As a support of 4-H, I think the program is one of the best for youth in that it allows youth to learn by doing, I was interested to read about a 4-H steer in Alberta fetching $60/pound at a recent sale.
The sale is likely a Canadian record and is interesting because of that fact, not that it is likely to signal a trend toward ever higher prices for 4-H steers.
In this case a couple of companies involved in the oil sector went head-to-head in the bidding. It would appear a case of good old bravado between companies, mixed with enough marketing savvy to realize over-paying for a steer would set the media wheels in motion. That I am writing about it in a column based in a newspaper hundreds of miles away is testament to the publicity angle of the purchase working nicely for all involved.
But what I was really interested in regarding the Alberta sale was not the high-priced calf, which I suspect is an anomaly in terms of 4-H sales, but rather that further into the same story, was mention of a calf raised by the club, and sold as a fundraiser.
Every 4-H club needs dollars to operate, so one is likely to assume the club-raised steer was to help the club fund its activities.
But 4-H is about helping others too, and that was the case here.
Members of the Elk Point 4-H club raised the calf and sold it at the auction with the proceeds benefitting STARS air ambulance.
The idea of a group of youth working co-operatively to raise and fit a steer in order to raise money for STARS is a rather heart-warming thing.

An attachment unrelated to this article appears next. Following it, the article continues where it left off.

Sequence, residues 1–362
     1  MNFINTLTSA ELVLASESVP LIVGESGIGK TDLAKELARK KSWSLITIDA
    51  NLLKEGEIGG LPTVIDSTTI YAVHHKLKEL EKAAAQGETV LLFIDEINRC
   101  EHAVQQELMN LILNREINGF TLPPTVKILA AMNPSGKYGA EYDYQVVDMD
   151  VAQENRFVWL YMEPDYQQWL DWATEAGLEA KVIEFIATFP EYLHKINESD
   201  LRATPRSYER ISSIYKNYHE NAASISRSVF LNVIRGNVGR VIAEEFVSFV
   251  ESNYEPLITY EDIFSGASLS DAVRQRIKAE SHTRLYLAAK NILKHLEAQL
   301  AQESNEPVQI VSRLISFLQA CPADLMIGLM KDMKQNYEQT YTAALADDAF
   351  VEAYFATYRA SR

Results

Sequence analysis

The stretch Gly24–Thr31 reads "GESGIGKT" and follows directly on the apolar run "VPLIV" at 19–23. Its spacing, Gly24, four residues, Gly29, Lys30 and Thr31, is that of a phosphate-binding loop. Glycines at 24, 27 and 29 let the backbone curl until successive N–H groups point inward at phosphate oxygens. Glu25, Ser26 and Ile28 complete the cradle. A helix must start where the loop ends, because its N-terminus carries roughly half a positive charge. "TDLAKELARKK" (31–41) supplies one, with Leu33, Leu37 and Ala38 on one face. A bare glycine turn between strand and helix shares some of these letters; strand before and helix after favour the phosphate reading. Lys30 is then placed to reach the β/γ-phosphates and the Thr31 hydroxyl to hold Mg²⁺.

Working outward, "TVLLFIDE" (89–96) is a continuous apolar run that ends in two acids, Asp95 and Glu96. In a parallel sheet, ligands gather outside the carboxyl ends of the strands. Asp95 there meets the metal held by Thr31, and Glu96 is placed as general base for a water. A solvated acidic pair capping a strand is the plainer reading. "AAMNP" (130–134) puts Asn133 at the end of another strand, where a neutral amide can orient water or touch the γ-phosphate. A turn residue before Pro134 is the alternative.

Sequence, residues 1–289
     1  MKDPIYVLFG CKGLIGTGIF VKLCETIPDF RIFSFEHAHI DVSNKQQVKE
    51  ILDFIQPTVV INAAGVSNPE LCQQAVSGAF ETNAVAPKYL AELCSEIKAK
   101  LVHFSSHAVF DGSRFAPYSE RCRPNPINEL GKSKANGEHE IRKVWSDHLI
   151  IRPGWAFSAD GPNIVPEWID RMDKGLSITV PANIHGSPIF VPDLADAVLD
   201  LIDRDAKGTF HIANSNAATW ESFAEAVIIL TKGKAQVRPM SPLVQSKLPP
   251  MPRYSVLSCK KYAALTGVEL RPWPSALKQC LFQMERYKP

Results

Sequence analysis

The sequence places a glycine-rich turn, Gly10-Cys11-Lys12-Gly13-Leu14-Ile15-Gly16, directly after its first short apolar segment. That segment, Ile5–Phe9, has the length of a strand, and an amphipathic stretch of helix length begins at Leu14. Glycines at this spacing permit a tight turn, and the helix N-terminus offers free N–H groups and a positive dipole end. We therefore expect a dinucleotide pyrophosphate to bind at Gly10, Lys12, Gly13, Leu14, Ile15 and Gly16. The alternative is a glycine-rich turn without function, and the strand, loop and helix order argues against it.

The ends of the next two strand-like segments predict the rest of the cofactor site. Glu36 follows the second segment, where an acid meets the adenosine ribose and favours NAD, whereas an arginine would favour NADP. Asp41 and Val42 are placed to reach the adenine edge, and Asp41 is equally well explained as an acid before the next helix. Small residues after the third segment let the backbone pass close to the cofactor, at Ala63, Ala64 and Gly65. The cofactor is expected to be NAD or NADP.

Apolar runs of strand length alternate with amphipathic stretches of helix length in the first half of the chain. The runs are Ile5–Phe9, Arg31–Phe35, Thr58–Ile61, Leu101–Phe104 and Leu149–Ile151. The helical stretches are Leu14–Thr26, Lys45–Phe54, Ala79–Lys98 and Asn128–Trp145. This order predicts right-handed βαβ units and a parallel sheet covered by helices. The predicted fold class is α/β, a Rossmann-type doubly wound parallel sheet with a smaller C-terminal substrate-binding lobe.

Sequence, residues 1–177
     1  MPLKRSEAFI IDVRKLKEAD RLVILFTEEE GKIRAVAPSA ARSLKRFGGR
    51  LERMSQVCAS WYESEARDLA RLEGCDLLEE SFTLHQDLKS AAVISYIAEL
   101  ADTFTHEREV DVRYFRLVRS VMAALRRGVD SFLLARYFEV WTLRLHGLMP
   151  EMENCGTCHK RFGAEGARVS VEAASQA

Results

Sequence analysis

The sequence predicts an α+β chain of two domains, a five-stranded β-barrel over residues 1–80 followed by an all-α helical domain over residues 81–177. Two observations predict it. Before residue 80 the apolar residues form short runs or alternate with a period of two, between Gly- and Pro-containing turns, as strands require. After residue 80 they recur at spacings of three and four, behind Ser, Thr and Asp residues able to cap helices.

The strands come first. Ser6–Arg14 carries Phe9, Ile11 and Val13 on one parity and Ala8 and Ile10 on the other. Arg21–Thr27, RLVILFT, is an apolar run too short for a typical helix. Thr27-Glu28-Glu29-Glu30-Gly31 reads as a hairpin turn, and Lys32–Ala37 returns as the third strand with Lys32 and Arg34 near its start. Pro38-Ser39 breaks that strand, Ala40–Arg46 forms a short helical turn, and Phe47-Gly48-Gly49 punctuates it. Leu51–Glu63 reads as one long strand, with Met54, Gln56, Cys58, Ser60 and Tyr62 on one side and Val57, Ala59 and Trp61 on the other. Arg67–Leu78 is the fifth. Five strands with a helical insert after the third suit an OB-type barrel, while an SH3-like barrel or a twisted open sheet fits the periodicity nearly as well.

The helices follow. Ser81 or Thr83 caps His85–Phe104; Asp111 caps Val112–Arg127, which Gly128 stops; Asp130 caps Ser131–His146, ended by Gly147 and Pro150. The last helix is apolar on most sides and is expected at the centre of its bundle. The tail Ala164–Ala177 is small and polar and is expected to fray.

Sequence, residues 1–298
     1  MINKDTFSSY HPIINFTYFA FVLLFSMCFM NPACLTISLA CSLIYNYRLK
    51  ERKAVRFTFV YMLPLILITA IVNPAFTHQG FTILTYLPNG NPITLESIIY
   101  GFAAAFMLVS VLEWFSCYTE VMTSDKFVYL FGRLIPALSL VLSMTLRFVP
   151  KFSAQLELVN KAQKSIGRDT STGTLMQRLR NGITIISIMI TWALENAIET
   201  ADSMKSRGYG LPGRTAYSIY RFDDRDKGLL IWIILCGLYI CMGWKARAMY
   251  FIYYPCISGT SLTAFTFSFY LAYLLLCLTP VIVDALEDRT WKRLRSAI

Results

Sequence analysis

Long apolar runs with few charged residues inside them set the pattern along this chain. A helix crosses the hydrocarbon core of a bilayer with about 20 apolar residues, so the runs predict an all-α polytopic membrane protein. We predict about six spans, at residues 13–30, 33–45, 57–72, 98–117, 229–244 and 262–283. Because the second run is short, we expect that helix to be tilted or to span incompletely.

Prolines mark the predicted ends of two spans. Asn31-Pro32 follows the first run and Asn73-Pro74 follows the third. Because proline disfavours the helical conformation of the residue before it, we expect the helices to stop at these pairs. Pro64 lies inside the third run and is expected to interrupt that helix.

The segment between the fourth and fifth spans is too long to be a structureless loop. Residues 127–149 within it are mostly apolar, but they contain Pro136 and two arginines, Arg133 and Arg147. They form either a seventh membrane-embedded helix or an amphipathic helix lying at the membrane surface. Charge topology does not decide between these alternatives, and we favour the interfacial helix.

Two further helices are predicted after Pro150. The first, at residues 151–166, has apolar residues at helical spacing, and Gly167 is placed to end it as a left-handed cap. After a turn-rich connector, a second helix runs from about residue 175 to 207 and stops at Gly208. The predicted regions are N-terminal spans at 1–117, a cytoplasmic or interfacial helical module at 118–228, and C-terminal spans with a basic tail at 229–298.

There is no doubt rural areas benefit most for STARS in the sense people clustered in our larger centres have closer access to larger medical centres and the associated medical specialists they might require.
STARS is designed to help those in more remote locales get to the medical attention they need in emergency situations as quickly as possible.
It is a service rural areas need, and 4-H beef clubs are rural-based. That the youth of the Elk Point Club realized the importance of the air service and came up with a great, group-based way to help out is simply a cool thing to rule about.
To me it shows some of the best aspects of 4-H, working together to a common goal, community involvement, helping others.
And it helps STARS, which is of course a positive of its own.
It is an idea which may have been done by other clubs in the past, and may well be again in the future, but hats off to the youth at Elk Point.
The only downside to the story is that the bidding war to $60/pound would have served all better had it been on the STARS calf, and not just that of a single member.
Calvin Daniels is Assistant Editor with Yorkton This Week.